MANY OF the first pharmacies, theaters, and department stores in the City of Manila were found in the district of Binondo. Founded in 1594, the city had a pivotal role in international trade and the place of the world’s first Chinatown in this role is the focus of a new museum.

Megaworld Corp. has opened the country’s first cultural museum dedicated to Binondo, the Chinatown Museum, located in its Lucky Chinatown mall.

The museum has 18 galleries — four of which are dedicated to changing exhibitions — focusing on events that shaped the cultural, social, and economic life of Binondo, from its establishment as a settlement of Christianized Chinese, to the development of the area as a bustling commercial downtown of colonial Manila.

“Part of our company’s tourism initiatives is to integrate museum projects in its township development across the country,” said Tefel Pasigan-Valentino, vice-president and head for marketing and business development of Megaworld Lifestyle Malls, during the museum’s launch on June 7.

Chinatown Museum is the second museum venture of Megaworld Corp. following the Iloilo Museum of Contemporary Art which opened last year. Future district museums are to follow in Mactan, Cebu, and Pampanga.

“As we build communities in different parts of the country, we want the future generations to understand and appreciate the culture and heritage of those places, thus we’re putting [museums in them] so that it will be a venue for people to interact,” Ms. Pasigan-Valentino added.

District museums are unique since they are site specific. “I think we need district museums because people have to know how the district began. What were the different achievements of the district? Who were the people who lived in the area before? That gives a better sense of urban pride,” Fernando Zialcita, professor of anthropology at Ateneo de Manila University (ADMU) and chief consultant for the Chinatown Museum, said.

The museum is recognized by the National Historical Commission and National Commission of Culture in the Arts as “a community space and heritage project that lends a visual retelling of the rich history of Binondo.”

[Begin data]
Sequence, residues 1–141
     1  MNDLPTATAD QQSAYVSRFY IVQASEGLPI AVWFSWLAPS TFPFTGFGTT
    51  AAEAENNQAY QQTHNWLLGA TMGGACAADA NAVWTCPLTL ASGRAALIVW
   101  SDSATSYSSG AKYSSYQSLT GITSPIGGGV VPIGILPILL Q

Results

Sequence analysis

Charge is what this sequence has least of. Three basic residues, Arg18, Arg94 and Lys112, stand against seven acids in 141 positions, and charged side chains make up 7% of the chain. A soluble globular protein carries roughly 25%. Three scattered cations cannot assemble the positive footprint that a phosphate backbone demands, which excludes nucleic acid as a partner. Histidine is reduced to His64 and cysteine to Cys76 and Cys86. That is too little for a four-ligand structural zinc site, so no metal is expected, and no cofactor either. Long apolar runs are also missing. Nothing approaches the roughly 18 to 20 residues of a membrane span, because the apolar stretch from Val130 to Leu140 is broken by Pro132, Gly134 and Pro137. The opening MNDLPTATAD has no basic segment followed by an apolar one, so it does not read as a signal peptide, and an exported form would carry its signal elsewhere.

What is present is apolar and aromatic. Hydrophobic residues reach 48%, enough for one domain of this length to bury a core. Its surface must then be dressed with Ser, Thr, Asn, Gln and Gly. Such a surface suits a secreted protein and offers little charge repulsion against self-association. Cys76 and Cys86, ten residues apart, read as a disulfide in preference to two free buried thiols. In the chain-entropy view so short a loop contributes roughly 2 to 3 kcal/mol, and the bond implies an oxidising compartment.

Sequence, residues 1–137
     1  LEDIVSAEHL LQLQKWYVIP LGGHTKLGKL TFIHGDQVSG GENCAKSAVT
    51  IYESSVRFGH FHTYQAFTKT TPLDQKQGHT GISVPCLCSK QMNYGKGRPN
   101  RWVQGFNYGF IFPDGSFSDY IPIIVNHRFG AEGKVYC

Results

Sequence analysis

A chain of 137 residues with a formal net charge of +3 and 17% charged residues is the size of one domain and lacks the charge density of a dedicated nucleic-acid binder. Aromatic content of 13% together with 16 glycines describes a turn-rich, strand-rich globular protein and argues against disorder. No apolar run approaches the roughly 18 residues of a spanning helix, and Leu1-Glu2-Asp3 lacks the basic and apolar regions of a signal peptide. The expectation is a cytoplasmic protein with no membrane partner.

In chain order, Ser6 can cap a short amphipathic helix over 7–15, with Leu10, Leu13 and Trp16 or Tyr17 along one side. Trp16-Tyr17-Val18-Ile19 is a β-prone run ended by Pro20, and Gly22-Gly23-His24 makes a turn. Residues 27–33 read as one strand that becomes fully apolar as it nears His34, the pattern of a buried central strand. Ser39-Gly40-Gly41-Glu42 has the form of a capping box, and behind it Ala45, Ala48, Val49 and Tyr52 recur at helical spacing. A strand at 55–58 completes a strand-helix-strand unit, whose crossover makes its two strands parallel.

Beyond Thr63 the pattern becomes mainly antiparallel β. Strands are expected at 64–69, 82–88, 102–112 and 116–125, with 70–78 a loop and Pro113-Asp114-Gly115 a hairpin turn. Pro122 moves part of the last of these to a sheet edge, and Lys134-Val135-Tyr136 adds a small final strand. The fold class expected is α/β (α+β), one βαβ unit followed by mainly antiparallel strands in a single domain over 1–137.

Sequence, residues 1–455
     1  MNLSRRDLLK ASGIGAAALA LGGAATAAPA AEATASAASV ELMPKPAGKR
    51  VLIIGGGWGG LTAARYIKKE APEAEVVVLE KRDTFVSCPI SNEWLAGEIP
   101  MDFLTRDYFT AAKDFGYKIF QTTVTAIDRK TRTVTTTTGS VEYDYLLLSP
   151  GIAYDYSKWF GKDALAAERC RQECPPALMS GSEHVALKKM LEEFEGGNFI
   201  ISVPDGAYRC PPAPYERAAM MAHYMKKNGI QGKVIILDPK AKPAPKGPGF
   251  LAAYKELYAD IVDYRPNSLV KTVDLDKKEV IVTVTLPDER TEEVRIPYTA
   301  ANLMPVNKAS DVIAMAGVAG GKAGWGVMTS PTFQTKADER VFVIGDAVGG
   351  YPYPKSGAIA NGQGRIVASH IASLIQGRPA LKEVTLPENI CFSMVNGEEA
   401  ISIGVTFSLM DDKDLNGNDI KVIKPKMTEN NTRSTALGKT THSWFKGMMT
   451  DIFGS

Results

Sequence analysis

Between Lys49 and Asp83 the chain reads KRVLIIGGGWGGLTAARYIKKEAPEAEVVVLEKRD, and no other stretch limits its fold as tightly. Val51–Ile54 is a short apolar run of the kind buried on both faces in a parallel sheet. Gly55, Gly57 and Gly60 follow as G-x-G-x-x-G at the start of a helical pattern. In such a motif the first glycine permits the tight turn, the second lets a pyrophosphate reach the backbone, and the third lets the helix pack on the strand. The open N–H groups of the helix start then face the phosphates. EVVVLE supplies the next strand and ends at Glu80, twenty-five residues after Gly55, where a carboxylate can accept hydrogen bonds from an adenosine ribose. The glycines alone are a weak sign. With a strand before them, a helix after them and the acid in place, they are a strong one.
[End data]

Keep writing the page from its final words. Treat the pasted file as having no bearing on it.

From the 1600s to the 1800s, the city of Manila was known as the country’s commercial hub and the world’s crossroad. Binondo — located across city’s center, Intramuros, on the other side of the Pasig River — was home to many Chinese laborers and artisans which earned it the nickname “Chinatown.” According to the museum brochure, Binondo got its name from the word “binundok” due to its low hills.

“People think that Binondo is all commerce. May kwento rin ’yan. May kasaysayan (It has a story. It has history),” Mr. Zialcita said.

It took four years of research, going through magazines and journals in ADMU and records from the digital library of the Biblioteca Nacional de España, to set up the museum said Mr. Zialcita.

“We chose key highlights in Binondo’s history. So it’s more of ‘edu-tainment’ because we understand the museum’s growth now is not only about knowledge and education, but it’s really more about what is Instagram-able. So if you’ve seen the galleries, we made sure that you could easily sit down, take a photo, and interact with the gallery itself,” Chinatown Museum curator Janine Cabato said.

For a more immersive experience, the Chinatown Museum app is available for download on Google Play for Android users and the Apple Store for iOS users. The customized app aims to provide easy access to the museum’s gallery information on Binondo’s rich and colorful history. It utilizes Bluetooth technology, and it allows for a smoother transition between topics and information while inside the museum.

Among the museum’s highlights are a gallery about the Alcaiceria de San Fernando (the silk market), constructed in 1572; a display on the Tranvia de Filipinas where guests can sit on a stationary train and watch a video about it’s history; a gallery on the Botica de San Fernando where guests may whiff through a drawer of 25 medicinal herbs and flowers; paintings of heritage buildings in the Escolta gallery were guests can also draw the structures using a tablet with a mopit (a Chinese calligraphy brush) dipped in disappearing ink; and a discreet display of an opium den.

Mayroon tayong pwedeng ipagmalaki (We have something to be proud of). That’s why we need very engaging and attractive museums so they would know that you have something to speak of and that there have been certain achievements that we must not forget,” Mr. Zialcita told BusinessWorld shortly after the launch.

“Manila is the first global city. We keep forgetting that. We don’t know it in fact.

“[The city’s] cosmopolitanism is actually reflective of the Filipino way of life until now. That’s why Filipinos are so open to different influences. We were open to diversity. May pinangalingan. Kaya pala tayo ganito (It came from somewhere. That explains why we are who we are),” he said.

The Chinatown Museum is at the 4th floor of Bldg. A of the Lucky Chinatown Mall, Reina Regente St., Binondo, Manila. It is open from Tuesday to Sunday, 10 a.m. to 6 p.m. Admission for regular visitors is P150, P120 for senior citizens, and P100 for students. Admission is free for children under four feet tall. Ticket selling ends 30 minutes before closing time. For more information, visit or email — Michelle Anne P. Soliman